Though this isn't Evan Parker's album - which is obvious from the title - his work on it adds a thoroughly new dimension to the already excellent trio of pianist John Escreet, drummer Tyshawn Sorey and bassist John Hebert.
The opening bars of Part I, finds Escreet delivering a rousing and percussive introduction that is wonderfully bolstered by the rhythm section, kicking things off as an excellent trio recording. However, when the Parker arrives partway through ‘Part II', the musical landscape changes. Minimalist and abstract, the tight tonal clusters begin to stretch out, leaving just points and constellations for Parker’s to navigate with his piercing sax . Escreet and Parker play off of each other, finding complimentary sounds and textures both inside and outside the traditional ranges of their respective instruments. John Hebert’s bass and Tyshawn Sorey’s percussion provide a nuanced level of support and interplay that spotlights Parker’s inventiveness. Part VI and Part VII are nicely contrasting pieces, the former being introspective and melancholic, and the latter a ferocious romp with strident rhythms and ebullient sax work. Over the course of the eight and a half minutes, each musician comes to the front, the track is in a constant state of re-construction. Parker, a master of space as much as all the other techniques, drops on and out when, I assume, he feels the moment is most appropriate.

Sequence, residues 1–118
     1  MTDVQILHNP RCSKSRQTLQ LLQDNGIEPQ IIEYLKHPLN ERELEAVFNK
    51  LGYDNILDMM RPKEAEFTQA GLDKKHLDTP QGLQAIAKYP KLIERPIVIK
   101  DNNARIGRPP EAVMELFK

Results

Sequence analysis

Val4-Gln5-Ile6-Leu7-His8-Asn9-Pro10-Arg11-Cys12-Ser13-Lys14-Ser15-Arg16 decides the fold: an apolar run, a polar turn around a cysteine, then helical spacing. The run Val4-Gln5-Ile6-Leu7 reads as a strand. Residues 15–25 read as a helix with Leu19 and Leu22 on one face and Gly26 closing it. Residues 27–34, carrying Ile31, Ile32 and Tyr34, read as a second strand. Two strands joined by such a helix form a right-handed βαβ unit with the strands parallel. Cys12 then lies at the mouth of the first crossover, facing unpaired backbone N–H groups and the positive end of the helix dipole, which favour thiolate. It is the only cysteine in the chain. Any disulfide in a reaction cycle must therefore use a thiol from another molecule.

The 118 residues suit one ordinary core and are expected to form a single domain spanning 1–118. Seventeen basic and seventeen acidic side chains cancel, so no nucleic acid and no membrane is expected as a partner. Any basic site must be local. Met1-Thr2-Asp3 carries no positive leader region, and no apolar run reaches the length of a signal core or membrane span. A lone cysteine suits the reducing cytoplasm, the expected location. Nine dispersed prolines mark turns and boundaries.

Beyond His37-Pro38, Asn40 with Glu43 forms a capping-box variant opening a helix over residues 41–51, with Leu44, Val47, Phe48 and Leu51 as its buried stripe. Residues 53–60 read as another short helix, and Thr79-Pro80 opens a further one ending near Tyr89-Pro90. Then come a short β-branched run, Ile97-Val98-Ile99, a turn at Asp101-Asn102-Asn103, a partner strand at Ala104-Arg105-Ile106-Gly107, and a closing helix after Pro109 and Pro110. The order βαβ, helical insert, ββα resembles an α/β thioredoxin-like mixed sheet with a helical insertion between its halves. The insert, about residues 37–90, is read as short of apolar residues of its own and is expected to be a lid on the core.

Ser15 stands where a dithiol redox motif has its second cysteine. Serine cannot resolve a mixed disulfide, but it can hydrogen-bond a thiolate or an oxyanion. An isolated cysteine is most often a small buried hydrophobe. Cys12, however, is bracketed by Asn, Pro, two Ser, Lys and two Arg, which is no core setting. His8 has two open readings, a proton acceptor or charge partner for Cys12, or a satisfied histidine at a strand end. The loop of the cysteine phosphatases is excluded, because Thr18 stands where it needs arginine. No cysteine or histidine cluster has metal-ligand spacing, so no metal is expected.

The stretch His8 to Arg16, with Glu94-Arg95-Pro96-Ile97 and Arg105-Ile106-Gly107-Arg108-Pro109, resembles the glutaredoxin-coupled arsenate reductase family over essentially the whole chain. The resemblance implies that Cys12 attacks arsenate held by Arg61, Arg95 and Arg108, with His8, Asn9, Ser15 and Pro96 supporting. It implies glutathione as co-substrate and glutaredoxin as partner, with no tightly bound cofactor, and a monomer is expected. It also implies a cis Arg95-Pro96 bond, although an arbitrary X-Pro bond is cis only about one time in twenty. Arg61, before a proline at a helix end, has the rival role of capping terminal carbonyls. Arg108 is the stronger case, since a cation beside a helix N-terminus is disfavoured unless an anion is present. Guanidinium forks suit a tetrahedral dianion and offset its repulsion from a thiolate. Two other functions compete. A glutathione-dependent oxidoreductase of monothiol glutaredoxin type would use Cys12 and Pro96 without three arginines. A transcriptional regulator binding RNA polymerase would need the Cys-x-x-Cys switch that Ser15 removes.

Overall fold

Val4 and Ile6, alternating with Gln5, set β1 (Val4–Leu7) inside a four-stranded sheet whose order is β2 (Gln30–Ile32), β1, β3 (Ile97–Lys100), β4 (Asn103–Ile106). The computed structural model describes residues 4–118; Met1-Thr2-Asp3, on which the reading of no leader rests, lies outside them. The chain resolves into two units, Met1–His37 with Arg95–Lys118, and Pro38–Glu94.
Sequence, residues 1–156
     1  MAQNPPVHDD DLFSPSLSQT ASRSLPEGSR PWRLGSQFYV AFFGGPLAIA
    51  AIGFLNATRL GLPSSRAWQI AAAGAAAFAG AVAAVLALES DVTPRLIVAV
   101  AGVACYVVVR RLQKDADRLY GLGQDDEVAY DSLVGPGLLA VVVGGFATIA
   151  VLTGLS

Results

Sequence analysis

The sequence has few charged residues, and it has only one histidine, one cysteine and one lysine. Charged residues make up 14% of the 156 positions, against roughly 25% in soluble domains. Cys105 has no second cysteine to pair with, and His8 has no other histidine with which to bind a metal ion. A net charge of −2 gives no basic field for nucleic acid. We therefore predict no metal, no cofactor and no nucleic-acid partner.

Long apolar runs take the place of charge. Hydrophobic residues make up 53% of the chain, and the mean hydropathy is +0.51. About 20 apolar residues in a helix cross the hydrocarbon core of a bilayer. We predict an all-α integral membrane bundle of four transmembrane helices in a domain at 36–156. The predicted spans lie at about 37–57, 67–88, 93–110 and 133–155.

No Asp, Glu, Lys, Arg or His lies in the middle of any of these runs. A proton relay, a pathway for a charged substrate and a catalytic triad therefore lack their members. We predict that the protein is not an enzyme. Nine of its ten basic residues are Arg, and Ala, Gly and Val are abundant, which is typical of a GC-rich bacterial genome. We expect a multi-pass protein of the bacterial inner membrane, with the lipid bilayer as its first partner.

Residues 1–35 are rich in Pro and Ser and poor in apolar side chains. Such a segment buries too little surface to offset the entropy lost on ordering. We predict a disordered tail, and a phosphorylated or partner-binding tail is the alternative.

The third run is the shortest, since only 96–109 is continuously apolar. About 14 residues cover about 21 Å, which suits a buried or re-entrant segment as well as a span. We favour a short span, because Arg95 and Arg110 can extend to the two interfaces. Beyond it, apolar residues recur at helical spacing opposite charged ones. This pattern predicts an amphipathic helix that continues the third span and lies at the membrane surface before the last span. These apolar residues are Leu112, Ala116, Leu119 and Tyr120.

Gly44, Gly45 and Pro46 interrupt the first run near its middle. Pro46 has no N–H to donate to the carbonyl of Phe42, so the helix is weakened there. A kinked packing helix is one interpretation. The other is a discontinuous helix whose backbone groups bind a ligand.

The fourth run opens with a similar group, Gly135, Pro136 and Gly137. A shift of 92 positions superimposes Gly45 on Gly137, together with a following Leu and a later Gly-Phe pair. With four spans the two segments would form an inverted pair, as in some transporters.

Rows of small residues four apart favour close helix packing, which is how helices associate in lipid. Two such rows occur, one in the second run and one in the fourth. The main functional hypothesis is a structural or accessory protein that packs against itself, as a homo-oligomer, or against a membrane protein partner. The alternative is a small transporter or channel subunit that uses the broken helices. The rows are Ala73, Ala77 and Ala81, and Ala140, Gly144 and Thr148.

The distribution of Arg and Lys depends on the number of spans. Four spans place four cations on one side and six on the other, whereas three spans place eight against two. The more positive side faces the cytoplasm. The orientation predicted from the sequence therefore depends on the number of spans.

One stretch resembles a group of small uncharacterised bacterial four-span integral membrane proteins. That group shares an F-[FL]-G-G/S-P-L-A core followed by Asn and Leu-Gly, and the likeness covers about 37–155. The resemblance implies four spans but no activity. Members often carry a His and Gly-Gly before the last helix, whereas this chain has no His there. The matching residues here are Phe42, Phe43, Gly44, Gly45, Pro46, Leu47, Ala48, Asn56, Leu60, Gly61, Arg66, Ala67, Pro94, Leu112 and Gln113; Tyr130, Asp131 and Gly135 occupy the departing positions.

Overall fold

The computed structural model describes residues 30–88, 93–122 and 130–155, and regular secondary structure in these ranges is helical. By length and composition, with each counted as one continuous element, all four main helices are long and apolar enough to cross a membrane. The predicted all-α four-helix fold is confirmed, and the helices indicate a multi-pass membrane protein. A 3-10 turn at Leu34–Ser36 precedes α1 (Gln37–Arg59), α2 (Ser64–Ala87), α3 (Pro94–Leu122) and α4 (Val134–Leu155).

Highlighting Parker's contribution is to call out but one aspect of this excellent recording, the musicians are intertwined, interdependent and all highly individual, creating an indelible impression with their improvised prowess. Teeming with spontaneity and life, Sound, Space and Structures is worth a listen by anyone interested in a improvisation masterclass.